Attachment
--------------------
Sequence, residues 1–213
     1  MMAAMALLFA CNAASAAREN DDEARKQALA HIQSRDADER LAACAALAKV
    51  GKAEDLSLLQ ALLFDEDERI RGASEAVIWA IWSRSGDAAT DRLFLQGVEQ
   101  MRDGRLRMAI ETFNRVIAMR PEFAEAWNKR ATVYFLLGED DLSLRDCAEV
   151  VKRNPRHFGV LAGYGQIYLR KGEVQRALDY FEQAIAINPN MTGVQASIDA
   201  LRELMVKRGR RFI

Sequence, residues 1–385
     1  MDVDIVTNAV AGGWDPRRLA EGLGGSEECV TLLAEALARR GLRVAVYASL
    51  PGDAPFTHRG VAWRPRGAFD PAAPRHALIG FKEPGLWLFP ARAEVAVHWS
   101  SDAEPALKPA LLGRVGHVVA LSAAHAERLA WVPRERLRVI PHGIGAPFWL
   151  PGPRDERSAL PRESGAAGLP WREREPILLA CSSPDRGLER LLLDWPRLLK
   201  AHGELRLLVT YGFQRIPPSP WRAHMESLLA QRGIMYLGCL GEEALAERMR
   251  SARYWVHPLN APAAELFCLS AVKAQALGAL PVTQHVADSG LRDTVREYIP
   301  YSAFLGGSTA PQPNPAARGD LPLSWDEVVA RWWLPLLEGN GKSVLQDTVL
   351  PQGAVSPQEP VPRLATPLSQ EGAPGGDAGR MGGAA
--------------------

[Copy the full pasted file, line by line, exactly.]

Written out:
Sequence, residues 1–213
     1  MMAAMALLFA CNAASAAREN DDEARKQALA HIQSRDADER LAACAALAKV
    51  GKAEDLSLLQ ALLFDEDERI RGASEAVIWA IWSRSGDAAT DRLFLQGVEQ
   101  MRDGRLRMAI ETFNRVIAMR PEFAEAWNKR ATVYFLLGED DLSLRDCAEV
   151  VKRNPRHFGV LAGYGQIYLR KGEVQRALDY FEQAIAINPN MTGVQASIDA
   201  LRELMVKRGR RFI

Sequence, residues 1–385
     1  MDVDIVTNAV AGGWDPRRLA EGLGGSEECV TLLAEALARR GLRVAVYASL
    51  PGDAPFTHRG VAWRPRGAFD PAAPRHALIG FKEPGLWLFP ARAEVAVHWS
   101  SDAEPALKPA LLGRVGHVVA LSAAHAERLA WVPRERLRVI PHGIGAPFWL
   151  PGPRDERSAL PRESGAAGLP WREREPILLA CSSPDRGLER LLLDWPRLLK
   201  AHGELRLLVT YGFQRIPPSP WRAHMESLLA QRGIMYLGCL GEEALAERMR
   251  SARYWVHPLN APAAELFCLS AVKAQALGAL PVTQHVADSG LRDTVREYIP
   301  YSAFLGGSTA PQPNPAARGD LPLSWDEVVA RWWLPLLEGN GKSVLQDTVL
   351  PQGAVSPQEP VPRLATPLSQ EGAPGGDAGR MGGAA